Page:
Tennis and Roger Federer are synonymous to each other. In the last decade, Federer has dominated every event he has step foot in and is often called the greatest tennis player of all times. But is it true? Can he really compare with the tallest giants in the game? Let’s find out.
Did Federer have competition?
Federer has always been better on grass and hard court but clay court has always been his weakness. Though he is better than many of his peers, he has lost 11 times to Nadal which sticks out like a sore thumb in his professional career. Initially, when Federer started winning Grand Slam after Grand Slam, he was playing against players who were neither at their prime, nor the best in the world at the time. Though he did meet stiff competition on a few occasions, at least 50% of its Grand Slam journey was relatively easy. He played against players whose average ranking was around 16.3.
It is not difficult to note that players like Nadal and Djokovic have played against much stronger players than Federer and a big chunk of his Grand Slam wins were against weaker players. Now that Nadal and Djokovic are emerging as the two prominent faces of Men’s Tennis, Federer’s era is on the decline. This isn’t to say that he is a bad tennis player. He is one of the finest in the game. However, a lot of his impressive record can be contributed to the lack of firm and strong competition.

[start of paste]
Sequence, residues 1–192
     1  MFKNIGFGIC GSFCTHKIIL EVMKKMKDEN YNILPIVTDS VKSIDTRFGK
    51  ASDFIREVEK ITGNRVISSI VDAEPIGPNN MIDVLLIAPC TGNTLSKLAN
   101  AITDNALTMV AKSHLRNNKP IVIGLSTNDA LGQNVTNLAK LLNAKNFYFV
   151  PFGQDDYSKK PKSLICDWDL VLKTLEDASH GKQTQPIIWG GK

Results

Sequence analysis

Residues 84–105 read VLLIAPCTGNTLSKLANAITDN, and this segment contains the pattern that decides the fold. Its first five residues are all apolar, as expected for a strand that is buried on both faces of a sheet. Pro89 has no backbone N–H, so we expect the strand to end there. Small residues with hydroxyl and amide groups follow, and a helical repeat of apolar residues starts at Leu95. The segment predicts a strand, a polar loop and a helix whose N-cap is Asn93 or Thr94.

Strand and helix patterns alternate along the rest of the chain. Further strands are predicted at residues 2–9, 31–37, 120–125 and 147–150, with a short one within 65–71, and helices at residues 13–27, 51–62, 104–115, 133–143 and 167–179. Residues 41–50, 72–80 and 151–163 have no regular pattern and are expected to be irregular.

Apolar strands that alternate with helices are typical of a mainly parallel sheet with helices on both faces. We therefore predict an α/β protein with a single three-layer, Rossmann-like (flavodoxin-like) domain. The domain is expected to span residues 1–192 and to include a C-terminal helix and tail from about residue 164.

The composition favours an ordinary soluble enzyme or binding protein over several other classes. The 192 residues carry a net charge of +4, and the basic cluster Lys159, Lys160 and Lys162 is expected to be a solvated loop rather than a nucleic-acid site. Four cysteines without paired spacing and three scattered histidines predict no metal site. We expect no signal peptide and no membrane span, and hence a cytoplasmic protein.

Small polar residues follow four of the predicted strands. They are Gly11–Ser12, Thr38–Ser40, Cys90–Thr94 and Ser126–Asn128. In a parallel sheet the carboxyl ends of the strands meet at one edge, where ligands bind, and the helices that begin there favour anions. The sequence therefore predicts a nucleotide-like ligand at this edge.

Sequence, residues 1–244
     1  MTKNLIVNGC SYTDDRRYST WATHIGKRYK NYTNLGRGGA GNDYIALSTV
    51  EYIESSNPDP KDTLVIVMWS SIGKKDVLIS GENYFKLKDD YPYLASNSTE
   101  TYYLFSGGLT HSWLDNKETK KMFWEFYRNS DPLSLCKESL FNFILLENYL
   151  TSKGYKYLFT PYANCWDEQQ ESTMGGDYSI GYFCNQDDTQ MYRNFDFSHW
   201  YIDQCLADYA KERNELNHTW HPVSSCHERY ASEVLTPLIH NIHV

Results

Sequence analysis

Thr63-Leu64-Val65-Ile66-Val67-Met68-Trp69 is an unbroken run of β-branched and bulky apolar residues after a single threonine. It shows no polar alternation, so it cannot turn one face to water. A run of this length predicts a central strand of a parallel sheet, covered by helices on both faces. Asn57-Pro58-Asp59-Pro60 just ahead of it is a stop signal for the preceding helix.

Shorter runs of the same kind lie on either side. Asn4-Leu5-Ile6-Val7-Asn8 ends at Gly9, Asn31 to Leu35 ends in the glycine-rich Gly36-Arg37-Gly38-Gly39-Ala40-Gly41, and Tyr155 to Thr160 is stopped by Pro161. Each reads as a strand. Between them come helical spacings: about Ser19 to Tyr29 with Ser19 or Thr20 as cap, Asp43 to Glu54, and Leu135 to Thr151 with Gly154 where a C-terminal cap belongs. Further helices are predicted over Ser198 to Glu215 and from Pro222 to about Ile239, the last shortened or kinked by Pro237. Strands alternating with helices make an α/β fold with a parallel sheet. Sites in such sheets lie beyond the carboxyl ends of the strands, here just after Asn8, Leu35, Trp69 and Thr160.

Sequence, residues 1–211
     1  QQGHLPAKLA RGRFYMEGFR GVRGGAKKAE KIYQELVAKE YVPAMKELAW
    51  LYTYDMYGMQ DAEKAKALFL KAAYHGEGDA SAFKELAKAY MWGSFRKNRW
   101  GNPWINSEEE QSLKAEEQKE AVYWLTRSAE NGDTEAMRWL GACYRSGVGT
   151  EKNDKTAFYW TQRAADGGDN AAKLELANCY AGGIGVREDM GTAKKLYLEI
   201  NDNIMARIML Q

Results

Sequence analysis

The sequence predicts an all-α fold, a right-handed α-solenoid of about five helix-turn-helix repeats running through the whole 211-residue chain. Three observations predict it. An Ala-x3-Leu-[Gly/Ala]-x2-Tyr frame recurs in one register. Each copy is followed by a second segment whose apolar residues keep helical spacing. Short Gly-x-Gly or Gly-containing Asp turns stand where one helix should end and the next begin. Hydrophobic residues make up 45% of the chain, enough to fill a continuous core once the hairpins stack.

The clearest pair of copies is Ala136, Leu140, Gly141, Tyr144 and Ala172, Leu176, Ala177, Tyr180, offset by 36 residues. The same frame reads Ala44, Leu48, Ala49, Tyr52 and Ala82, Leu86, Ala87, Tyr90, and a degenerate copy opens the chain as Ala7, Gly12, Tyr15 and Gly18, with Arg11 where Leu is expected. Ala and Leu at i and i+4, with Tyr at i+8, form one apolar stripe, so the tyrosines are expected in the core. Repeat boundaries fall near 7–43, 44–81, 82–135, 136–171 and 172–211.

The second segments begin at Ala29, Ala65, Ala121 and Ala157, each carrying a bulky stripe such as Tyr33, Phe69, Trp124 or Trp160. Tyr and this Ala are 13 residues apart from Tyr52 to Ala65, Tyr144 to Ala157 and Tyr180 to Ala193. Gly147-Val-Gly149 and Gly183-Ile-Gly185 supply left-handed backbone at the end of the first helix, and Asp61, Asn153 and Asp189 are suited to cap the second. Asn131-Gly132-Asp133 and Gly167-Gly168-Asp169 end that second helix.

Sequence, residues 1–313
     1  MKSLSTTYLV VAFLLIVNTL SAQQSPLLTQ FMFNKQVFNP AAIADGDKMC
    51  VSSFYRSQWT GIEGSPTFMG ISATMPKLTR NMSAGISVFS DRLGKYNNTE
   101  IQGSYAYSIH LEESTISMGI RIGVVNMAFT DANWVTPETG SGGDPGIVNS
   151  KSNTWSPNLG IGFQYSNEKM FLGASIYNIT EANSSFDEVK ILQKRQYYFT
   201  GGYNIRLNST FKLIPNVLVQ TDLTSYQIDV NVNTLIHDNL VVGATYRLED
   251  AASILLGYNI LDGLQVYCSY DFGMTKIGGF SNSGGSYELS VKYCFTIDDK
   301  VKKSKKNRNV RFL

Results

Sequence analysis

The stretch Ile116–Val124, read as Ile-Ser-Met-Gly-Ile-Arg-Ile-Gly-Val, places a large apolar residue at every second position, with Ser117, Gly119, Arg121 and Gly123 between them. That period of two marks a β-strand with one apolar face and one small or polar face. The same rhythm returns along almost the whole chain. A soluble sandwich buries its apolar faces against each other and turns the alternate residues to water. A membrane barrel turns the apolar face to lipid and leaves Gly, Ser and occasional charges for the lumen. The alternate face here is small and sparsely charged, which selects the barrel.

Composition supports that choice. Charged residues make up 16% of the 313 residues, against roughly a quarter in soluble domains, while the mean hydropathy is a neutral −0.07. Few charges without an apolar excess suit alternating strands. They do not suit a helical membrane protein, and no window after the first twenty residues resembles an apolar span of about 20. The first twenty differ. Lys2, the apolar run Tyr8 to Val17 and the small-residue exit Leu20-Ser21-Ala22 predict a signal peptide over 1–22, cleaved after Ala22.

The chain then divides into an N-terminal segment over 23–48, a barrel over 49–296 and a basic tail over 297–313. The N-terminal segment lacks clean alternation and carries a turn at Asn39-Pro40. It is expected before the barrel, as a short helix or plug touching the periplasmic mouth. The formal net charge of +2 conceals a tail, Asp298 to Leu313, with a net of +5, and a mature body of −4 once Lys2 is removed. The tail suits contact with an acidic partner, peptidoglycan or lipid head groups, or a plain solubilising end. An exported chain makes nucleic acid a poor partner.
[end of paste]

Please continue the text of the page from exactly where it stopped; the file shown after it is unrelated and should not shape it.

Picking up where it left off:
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The dominance factor
Watching Andre Agassi and Pete Sampras play makes you question everything in Tennis. Those were players beyond time, who graced us with their presence and showed us what real dominance and excellent gameplay was. Rod Laver and Boris Becker were two other examples of what strong gameplay is all about. Federer can be compared to them but we can’t declare him as the conclusive winner.
We must acknowledge that he has 20 Grand Slams to his credit and he emerges as the true hero of the game. However, if you look at Serena Williams’ record, you would be baffled. The 23 Grand Slams, power packed game and her constant gameplay with much younger and highly talented players have only made her better. She is great in-ring, even after delivering a child and is ready to go again. Her Grand Slam entered/won ratio is also much better than Federer’s.
It would be difficult to compare two players from different eras like Sampras and Agassi with Federer. The conditions, training etc. were much different then. However, it is easy to compare Williams with Federer and we see a clear winner emerging in this pattern. It is evident that it is not Federer but Williams who has not only gotten better with age but also won more.
To Federer’s credit, we have to acknowledge his versatility. What he brings to the game is variety which is not matched well by other player who often emerge as specialists.